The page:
A collaborative look into the world of unfinished quests
Intro by Peter R. Clark Entertainment Editor
Ever have that feeling of pure joy, knowing that you are about to purchase a video game that you’ve been wanting forever?
We get excited, hyped, then we lay down the money to purchase a game we’ve been anticipating to play for a while. It might be on sale, or brand new, but either way, we’re hankering to play it.
Then you buy it, and bam it’s yours, and you play it for a while, then stop. You may stop because you’re mad at it, maybe you got burned out, or maybe it just wasn’t as good as you expected. This is a problem, but why does this occur?
I asked a number of people about this problem that is facing a large group of gamers today to possible shed some insight on this epidemic. Apparently it is affecting more people that previously thought. The insights from the many writers are interesting and well thought out.
For me, the most recent game I played, but never beat was Fallout 4. Steam says I’ve played that game for 80+ hours, and I certainly felt like I have. I did a lot in that game, but I felt like I did enough to constitute that I earned my money’s worth. Do I want to beat the game? Sure. Do I have the drive to beat it? Not really. Do I have an explanation for that? Again, not really. It could just be psychological. Or maybe I’m just bored with game. That’s probably it. Boredom, and maybe because there are bigger fish to fry in the form of other games. I’m a nomad drifting from game to game, spending just enough time on them to enjoy them, and then it’s on to the next.
I love games, I play them a lot, it is not an issue of whether or not I’m just bored of games and just can’t be entertained by them. Maybe it’s a time issue. Maybe I’m spending too much time on my real life and not enough on my gaming life. The possibilities are near endless, and I don’t see an answer in sight.
Hopefully the insights of the other writers help us clearly define why it is we don’t beat games like we used to. I could keep speculating forever, and maybe one of my speculations would be right, but the fact is, I haven’t beat a game in a number of years. The last game I beat was a short game that in essense didn’t have a real ending (you can read my review on that game on our website: Renowned Explorers: International Society).
In any case, enjoy the rest of the insights below, and maybe you can relate to them. Maybe it’s just all in our heads.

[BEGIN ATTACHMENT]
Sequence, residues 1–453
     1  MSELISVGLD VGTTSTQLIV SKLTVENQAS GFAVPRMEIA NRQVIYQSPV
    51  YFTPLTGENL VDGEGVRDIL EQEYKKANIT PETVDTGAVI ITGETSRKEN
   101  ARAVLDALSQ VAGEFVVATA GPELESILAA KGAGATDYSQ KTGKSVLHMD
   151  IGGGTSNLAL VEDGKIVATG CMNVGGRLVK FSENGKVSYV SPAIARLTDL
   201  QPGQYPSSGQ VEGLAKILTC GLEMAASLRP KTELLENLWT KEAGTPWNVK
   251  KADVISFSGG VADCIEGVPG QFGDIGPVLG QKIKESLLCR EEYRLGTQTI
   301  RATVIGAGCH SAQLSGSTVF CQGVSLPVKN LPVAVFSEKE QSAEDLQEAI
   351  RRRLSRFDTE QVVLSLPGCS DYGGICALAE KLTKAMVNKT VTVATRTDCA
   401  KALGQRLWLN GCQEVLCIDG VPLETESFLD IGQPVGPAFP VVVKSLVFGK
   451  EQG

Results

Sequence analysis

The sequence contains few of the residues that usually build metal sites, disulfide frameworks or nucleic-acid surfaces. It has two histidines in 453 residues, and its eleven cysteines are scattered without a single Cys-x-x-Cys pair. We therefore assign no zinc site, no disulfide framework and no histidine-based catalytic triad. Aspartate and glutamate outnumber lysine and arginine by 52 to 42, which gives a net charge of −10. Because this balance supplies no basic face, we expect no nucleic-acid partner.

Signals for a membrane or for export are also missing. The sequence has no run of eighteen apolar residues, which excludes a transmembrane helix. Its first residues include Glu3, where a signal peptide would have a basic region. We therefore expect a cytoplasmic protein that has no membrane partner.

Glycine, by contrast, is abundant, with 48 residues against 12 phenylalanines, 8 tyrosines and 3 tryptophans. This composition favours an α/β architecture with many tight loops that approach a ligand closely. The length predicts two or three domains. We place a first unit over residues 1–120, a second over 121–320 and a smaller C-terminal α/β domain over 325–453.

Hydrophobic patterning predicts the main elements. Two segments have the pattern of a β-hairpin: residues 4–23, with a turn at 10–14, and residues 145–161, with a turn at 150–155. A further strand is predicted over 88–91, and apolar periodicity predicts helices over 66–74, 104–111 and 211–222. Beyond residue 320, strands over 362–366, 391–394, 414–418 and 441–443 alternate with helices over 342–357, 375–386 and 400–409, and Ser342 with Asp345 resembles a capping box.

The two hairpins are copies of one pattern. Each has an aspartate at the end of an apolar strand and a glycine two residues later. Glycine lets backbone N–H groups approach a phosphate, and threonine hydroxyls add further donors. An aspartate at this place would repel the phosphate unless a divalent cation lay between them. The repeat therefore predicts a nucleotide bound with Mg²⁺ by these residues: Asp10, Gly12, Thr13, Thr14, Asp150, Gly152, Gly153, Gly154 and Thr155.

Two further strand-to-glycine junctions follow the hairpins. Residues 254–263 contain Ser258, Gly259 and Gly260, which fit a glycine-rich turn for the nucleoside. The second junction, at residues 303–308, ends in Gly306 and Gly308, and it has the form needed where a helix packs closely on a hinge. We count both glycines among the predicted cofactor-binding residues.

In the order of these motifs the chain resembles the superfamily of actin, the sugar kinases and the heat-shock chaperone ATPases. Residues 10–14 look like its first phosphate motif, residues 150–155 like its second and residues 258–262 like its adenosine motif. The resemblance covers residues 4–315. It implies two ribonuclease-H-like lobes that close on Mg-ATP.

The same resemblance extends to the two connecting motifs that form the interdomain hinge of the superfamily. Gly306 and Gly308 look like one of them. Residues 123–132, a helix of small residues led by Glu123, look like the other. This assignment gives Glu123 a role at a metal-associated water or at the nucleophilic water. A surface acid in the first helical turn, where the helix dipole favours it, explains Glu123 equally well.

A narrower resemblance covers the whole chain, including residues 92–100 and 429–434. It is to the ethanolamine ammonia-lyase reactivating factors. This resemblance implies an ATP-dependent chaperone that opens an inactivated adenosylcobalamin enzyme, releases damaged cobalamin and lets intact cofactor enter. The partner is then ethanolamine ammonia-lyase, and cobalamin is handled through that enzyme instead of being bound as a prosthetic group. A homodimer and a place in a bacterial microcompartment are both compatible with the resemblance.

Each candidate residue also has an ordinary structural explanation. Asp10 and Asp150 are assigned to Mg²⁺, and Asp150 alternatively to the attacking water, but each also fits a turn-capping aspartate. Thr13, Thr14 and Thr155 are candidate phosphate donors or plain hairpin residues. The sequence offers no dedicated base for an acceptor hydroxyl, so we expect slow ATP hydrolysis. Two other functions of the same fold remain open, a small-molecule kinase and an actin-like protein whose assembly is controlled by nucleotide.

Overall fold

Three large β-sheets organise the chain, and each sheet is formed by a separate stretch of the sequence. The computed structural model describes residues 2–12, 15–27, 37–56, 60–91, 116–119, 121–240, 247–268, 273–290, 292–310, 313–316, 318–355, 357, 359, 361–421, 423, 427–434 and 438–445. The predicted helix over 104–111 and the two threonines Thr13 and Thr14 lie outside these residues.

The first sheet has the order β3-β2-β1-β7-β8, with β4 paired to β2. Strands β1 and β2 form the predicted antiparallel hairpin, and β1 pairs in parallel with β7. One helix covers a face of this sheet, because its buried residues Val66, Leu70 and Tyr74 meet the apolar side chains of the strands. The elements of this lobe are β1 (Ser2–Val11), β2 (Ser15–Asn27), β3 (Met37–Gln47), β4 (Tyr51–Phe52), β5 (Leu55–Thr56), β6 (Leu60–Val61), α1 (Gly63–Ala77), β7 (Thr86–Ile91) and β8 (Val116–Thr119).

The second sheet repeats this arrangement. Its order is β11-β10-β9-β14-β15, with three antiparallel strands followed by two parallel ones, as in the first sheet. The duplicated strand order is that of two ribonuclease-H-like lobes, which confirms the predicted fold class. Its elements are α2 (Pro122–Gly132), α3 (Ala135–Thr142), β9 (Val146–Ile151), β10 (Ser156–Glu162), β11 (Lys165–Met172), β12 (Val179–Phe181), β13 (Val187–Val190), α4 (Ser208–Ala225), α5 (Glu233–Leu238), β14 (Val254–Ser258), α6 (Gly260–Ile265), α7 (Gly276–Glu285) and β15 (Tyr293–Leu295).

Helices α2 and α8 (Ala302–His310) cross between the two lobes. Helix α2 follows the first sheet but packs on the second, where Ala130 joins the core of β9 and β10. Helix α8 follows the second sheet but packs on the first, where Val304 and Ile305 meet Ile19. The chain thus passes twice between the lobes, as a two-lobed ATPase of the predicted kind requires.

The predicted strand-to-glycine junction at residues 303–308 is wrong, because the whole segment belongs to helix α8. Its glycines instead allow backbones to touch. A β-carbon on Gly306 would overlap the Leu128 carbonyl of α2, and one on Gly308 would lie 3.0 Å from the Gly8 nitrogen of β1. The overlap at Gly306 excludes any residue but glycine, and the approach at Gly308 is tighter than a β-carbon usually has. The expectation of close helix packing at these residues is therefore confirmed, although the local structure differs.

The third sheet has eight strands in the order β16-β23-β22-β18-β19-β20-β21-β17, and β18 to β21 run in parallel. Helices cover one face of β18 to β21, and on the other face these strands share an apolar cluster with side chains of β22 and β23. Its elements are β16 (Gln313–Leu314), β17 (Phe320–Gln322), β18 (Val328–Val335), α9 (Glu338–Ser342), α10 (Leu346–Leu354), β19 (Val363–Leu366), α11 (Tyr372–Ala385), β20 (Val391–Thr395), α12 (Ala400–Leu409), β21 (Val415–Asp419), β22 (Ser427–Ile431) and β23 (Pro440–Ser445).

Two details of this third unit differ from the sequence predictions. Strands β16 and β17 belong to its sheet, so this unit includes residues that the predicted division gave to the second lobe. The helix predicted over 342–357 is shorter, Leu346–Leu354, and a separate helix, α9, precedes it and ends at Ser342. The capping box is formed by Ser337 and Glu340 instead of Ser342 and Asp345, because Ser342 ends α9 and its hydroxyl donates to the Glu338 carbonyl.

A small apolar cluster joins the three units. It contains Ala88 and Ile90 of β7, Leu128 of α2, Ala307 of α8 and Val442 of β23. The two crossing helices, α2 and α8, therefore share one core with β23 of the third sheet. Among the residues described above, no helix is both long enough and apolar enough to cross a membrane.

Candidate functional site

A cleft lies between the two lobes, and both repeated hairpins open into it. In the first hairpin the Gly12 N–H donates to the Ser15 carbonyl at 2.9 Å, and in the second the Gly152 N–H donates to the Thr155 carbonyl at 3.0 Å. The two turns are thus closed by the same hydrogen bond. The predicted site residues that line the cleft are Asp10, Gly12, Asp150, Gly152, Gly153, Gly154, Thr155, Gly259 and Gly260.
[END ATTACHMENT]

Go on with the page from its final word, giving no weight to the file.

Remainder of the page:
By Alexis Cruz Social Media Manager
I’ve been a huge fan of the Persona series since the renowned Persona 3: FES title. However, I can’t say that I enjoyed their latest game Persona Q: Shadow of the Labyrinth.
Don’t get me wrong, the plot was amazing, the soundtrack was great as always and the developers were able to play with the 3DS systems well, but as much as I hate to admit it I had the biggest rage quit during one of the stages and I refuse to pick up the game ever again.
It was during the third dungeon, the Evil Spirit Club, on the third floor, or “story” as they were called, where I struggled to sneak past one of the Old Doll F.O.E.s no matter where I moved on the map.
Sadly, I was too far into the game to grind to a high enough level to defeat the monster, and I refused to let my hours of gameplay go to waste and start a new game.
Admittedly, I tried to look up game FAQs or walkthroughs to get past the F.O.E. but they would only show a map with no directional purpose. I gave up. I haven’t thought about the game or picked it up since.
By Andrew Linde Multimedia Manager
Throughout my life, video games have come and gone. I’ve started countless only to never finish them.
The last game that I never finished was Grand Theft Auto V. Was I offended by the voice acting skills of Steven Ogg as the despicable and disgusting Trevor Phillips? No, I was actually delighted by his malevolent character.
I even loved the gimmick of having one of the main characters essentially be Ray Liotta from GoodFellas.
And yet, something stopped me from finishing the main storyline of that game. I happened to purchase the game through a Steam sale, just a few scant weeks before the start of Fall semester.
So, despite the game being over a year old and my purchasing of it in the summer, I was unable to complete all of the objectives before school started.
If it wasn’t school, it’d be the release of another new game. If something newer and more exciting came out, then my attention was pulled.
By Bailey Mount Managing Editor
I never finished Huniepop for one major reason, it being both a superficial and a moral one that held a lot of bearing for me.
Huniepop is a game that parodies the Japanese dating simulator games. In it, your character strives to have intercourse with every woman in your town. You woo your women by giving them gifts and taking them on dates. Each date comes in the form of a match-up game similar to Candy Crush. On the fifth date, you get to have intercourse with them.